I can't imagine better introduction into a new team, a more efficient way of making sure new people start learning. With half-a-day, I have an idea about one part of the product. From my interests as tester into the system, I could get a lot of information that was relevant, quickly. And some things I might not be so interested in might also rub on. Seeing the team work this way made me think of empathy and understanding - to all directions. Woody talks often about "kindness, consideration, and respect" and he seems to live to those with him team even with visitors.

With half-a-day with Woody's team, I changed my mind on wanting to work that way. In addition to experiencing my discomfort and learning, I got a tour around discussions of what needs to be done and could imagine testing done in the very same style. I saw they were organising specialised times for product level exploration, again for the whole team. Planning and learning were nicely tied to the overall package. And one being away (or half of team being away) did not stop them from making progress.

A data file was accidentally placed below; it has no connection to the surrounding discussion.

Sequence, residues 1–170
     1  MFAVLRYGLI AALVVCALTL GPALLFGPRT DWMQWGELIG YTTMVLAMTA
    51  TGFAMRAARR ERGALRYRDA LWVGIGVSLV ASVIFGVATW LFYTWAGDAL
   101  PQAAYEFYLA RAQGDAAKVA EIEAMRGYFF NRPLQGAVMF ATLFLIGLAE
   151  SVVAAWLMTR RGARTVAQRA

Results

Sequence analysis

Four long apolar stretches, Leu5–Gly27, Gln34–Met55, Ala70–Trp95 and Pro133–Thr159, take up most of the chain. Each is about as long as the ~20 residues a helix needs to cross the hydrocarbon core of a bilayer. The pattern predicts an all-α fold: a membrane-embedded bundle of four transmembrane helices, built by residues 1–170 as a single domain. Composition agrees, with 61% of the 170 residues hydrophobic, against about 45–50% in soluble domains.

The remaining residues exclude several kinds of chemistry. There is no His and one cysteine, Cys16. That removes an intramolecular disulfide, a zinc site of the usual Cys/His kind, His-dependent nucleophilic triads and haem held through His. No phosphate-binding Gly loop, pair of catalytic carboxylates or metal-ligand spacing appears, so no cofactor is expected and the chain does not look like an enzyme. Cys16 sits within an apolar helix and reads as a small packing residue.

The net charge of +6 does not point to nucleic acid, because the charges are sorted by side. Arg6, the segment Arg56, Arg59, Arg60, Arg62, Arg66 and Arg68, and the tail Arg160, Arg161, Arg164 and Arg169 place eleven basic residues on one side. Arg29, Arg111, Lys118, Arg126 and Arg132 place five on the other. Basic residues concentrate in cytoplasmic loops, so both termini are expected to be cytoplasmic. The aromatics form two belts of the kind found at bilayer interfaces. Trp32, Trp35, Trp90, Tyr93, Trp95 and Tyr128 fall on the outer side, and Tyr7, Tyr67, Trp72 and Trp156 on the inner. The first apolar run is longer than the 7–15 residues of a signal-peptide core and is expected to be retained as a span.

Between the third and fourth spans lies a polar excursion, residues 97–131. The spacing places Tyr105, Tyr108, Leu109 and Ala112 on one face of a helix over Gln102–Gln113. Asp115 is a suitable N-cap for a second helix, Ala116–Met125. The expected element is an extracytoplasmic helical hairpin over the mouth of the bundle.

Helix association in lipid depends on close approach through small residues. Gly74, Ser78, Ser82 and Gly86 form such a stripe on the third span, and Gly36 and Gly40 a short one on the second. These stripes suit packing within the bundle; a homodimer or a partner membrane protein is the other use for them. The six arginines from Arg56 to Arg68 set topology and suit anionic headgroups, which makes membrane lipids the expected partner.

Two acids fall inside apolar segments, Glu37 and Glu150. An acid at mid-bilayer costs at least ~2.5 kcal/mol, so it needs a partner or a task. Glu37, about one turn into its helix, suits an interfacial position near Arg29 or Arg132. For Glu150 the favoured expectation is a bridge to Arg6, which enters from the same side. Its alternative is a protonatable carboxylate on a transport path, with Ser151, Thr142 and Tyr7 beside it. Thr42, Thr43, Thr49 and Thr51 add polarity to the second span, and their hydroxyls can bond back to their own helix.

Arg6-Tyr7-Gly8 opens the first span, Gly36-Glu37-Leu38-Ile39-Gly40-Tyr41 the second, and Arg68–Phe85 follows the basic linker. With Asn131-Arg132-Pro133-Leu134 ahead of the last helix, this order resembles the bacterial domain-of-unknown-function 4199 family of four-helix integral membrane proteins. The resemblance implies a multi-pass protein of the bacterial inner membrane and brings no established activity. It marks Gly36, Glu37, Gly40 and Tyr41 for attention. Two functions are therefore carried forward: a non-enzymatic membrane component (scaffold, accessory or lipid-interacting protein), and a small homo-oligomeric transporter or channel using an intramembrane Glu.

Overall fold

I'm still not convinced if all work in a mob is a good idea. But a lot of work in a mob would be a great idea. And I still would love to experience a "all hands testing day" with Woody's team. I have a theory from my experiences in the past that testing might be different than programming for a mob.

I've really liked coding dojos in the round robin style. It works great, having a pair at a time working on things. But with testing dojos, I always felt very disconnected while I was not in the pair. While coding, we were creating a common understanding, but while testing, we were missing out on ideas because software speaks when you use it, we were getting easily disengaged.

With testing, I like mixing different dynamics: solo work in isolation; solo work in pairs where some stuff is shared right away and most stuff is shared at end of session allowing focus for the session; paired testing on one computer in driver-navigator -settings; group testing in round robin style; group testing where some stuff is shared as it is learned, but most things are discussed after session.  Pairing tester-minded people and pairing tester-developer.

My team has promised to spend half a day every two weeks like this - refactoring, programming together, hopefully testing together too. All I need to do now is follow up on the promise and schedule it. Knowing them, they would slip away if someone wasn't organising it. Any other testers out there trying this out?